SYMPOSIA PAPER Published: 01 January 1986

Designing and Building with Rehabilitation in Mind


Rehabilitation is viewed as a series of modifications that enhance a building. In this sense, rehabilitation can occur at any point in the building's life, even during construction. These modifications will inevitably occur as total building performance is better understood and as the performance objectives for a building change over its useful life. Design and construction should, therefore, provide for this inevitable rehabilitation. However, it is rare that a client requests a study of total building performance before the building is built.

The state of Florida has recently commissioned a diverse team to investigate its building delivery process. The study is focused upon Florida A & M University's new school of architecture, with less detailed examinations of five other new buildings of varied functions.

The key features of our study include a number of tasks: first, tracking the construction process of the six buildings (analysis of program and design decisions, modeling of the state's building delivery process, assessing change orders); second, monitoring the movein process and premove adaptations; third, carrying out postoccupancy evaluations of the six buildings. These will be comprehensive evaluations, looking at user response to the designed environment as well as technical performance in terms of energy, maintenance, and repairs. This paper describes in more detail the methods used for each task.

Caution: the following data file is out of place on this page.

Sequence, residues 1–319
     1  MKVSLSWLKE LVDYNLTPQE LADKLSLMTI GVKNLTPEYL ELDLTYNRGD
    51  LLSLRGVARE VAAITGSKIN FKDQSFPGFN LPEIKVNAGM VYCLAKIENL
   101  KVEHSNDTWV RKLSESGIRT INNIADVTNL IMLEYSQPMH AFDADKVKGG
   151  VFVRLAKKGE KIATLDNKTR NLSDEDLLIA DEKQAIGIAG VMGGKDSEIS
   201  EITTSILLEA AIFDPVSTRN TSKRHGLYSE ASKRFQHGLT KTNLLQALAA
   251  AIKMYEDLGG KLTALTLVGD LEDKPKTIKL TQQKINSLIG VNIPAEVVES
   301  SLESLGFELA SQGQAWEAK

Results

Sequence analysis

The significance of the study lies in its comprehensive, integrative approach, where information from each task will be weighed in light of the concerns and findings from the other tasks. We will try to answer questions about the appropriateness of the programming, design, construction, and management processes used. Technical and functional performance also will be compared. Overall performance will be judged in the light of the multifaceted points of view of the various interested parties. It is hoped that, as a result of this study, rehabilitative modifications during initial construction will be reduced on future projects.

Author Information

Farbstein, JD
Jay Farbstein & Associates, San Luis Obispo, CA
Archea, J
College of Architecture, Georgia Institute of Technology, Atlanta, GA
Kantrowitz, M
Min Kantrowitz and Associates, Albuquerque, NM
Shibley, RG
State University of New York at Buffalo, Buffalo, NY
Wineman, J
College of Architecture, Georgia Institute of Technology, Atlanta, GA
Zimring, CM
College of Architecture, Georgia Institute of Technology, Atlanta, GA
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Developed by Committee: E06
Pages: 39–45
DOI: 10.1520/STP23011S
ISBN-EB: 978-0-8031-4968-7
ISBN-13: 978-0-8031-0458-7